“Having said all of that, this is about judgment and a basic comprehension of ethics. If an employer and a staff member enter into a consensual relationship, common principles would dictate they should do so considering the relationship and take subsequent steps to remove that employer/employee relationship from the equation. I don’t think we need definitive policies to that effect and that one’s best judgement should lead them in the right direction.”
Among those silent was Mayor Jim Watson, who seems to have a propensity for regulation.
Why is this being allowed?

DEMOCRACY AT STAKE

 

If you’re still confused about the city’s multi-billion light rail project, about the financial implications for Ottawa, perhaps there’s some comfort in knowing you’re not alone.

There are still so many unanswered questions about the LRT and the finances surrounding it. No less than Rideau-Rockcliffe Coun. Tobi Nussbaum has raised his strong fears about the project, feeling so strongly about what’s been happening that he took pen to paper or fingers to computer as the case may be and wrote an essay for Postmedia.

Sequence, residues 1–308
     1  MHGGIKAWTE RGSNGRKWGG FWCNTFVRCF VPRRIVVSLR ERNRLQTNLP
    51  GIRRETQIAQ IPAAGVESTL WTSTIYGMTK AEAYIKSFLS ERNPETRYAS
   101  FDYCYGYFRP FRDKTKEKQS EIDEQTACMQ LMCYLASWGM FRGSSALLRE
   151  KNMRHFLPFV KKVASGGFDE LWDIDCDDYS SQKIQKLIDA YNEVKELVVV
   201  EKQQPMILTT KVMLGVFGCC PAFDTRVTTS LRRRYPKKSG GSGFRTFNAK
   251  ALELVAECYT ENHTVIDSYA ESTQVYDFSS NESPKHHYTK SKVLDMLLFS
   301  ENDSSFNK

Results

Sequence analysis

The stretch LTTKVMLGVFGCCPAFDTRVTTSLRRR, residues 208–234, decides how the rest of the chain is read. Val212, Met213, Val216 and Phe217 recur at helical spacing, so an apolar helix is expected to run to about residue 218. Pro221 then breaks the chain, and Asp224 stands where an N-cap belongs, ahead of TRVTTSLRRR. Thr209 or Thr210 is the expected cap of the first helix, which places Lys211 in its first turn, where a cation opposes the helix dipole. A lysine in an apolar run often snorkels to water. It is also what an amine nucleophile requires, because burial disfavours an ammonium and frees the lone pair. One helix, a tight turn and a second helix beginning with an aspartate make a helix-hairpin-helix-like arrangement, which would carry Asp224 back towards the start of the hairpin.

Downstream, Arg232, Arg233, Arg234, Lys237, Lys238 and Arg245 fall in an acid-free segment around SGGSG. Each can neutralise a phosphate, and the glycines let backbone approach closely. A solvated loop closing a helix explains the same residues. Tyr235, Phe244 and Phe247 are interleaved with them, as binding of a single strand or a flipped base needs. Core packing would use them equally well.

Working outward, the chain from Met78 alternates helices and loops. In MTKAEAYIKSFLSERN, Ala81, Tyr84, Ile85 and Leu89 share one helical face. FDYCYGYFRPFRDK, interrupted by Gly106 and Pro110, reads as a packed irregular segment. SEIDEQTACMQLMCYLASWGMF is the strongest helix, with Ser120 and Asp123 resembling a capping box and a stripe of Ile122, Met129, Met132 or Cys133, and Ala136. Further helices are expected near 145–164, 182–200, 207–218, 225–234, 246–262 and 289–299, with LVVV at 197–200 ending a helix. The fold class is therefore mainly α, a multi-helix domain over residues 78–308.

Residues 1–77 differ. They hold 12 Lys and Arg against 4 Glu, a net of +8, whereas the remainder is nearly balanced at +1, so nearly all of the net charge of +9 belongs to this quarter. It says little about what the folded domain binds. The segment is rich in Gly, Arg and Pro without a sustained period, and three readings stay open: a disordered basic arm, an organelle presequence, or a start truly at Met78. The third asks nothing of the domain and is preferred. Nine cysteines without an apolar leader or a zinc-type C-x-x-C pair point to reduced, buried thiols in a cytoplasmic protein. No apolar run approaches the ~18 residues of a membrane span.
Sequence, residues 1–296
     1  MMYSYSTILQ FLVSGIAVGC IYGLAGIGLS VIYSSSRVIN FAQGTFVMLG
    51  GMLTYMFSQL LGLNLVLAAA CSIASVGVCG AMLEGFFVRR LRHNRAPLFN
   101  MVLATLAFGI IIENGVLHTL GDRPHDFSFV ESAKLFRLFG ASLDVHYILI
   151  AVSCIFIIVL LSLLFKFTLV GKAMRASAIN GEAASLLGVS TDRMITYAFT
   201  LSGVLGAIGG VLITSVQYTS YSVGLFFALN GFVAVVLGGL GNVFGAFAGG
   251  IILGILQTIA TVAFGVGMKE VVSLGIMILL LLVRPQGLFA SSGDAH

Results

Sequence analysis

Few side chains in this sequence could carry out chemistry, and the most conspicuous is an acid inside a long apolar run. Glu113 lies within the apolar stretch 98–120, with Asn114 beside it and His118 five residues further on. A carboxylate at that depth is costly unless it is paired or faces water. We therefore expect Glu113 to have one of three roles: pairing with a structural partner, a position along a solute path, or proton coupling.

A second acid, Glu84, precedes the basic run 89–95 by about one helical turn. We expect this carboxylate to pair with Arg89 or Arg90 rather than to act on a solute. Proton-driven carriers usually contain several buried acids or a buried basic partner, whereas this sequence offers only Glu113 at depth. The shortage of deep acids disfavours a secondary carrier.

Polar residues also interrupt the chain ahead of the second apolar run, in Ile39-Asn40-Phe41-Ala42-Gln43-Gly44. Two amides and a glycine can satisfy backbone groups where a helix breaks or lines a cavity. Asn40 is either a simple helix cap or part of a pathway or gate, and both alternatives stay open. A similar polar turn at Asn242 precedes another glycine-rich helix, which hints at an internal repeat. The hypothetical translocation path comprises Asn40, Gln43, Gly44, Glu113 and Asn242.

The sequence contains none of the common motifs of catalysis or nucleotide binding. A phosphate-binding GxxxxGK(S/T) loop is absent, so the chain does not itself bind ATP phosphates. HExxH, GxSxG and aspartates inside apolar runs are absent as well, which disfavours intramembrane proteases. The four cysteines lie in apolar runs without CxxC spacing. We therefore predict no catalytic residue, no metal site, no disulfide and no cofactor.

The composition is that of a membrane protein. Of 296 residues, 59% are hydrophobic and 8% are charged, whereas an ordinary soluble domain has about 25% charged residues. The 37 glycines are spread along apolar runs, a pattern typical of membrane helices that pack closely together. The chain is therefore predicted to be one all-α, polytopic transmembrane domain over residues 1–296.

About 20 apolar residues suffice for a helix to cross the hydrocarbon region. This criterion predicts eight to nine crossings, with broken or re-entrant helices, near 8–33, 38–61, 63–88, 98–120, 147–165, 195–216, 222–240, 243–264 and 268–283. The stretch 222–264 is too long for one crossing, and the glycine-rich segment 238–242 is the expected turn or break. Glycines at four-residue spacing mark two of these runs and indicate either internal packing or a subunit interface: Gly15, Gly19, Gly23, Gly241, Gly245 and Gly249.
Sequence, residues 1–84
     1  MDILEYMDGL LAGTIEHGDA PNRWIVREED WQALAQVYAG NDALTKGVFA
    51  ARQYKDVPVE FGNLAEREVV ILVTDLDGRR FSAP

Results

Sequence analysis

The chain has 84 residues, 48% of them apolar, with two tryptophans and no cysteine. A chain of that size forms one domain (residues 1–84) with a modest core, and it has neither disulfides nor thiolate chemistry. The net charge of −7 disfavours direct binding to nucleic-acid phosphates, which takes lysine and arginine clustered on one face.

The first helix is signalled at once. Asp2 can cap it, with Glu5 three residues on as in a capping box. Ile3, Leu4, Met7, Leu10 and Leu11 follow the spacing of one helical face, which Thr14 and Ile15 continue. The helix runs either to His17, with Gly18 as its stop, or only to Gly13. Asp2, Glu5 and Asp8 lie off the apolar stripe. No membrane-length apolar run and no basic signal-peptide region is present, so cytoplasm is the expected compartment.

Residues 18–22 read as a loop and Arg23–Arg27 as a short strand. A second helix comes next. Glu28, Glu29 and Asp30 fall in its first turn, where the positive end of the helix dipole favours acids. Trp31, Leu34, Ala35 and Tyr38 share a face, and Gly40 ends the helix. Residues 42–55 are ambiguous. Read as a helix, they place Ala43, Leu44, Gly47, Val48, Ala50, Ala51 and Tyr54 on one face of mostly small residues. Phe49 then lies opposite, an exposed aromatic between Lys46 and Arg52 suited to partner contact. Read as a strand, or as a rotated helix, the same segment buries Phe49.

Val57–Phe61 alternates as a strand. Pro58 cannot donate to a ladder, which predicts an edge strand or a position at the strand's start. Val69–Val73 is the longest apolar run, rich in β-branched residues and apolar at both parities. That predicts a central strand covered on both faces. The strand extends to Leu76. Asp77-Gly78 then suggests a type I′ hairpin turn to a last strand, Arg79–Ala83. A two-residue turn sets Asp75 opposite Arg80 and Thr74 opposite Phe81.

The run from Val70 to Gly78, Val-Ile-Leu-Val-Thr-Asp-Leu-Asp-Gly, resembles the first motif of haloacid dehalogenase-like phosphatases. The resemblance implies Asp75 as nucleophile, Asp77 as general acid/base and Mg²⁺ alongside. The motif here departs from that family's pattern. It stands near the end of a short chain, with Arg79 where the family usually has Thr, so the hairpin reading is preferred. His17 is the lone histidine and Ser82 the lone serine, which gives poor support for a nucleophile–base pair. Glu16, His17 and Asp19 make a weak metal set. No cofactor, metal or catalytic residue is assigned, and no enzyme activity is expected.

If a brilliant mind like Nussbaum’s can’t wrap his head around all that is going on, there’s little hope for the rest of us. As he points out, given the miscommunication surrounding the $1 million penalty for the delay in LRT, there has to be concerns about the assurances from on high that the city will be compensated for the costs incurred by that delay.

“This delay will mean the forecasted budget numbers passed by city council – 48 hours before senior staff publicly revealed the likely LRT delay back in mid-December and three weeks after they first became aware of the risk – will clearly not be achieved. What should be made of the public assurances by Mayor Jim Watson and senior staff that the contractor will fully reimburse the costs? As much as I wish that to be true, I have not seen any evidence that the contractor is required to repay the city for additional costs incurred due to a new, permitted, handover date.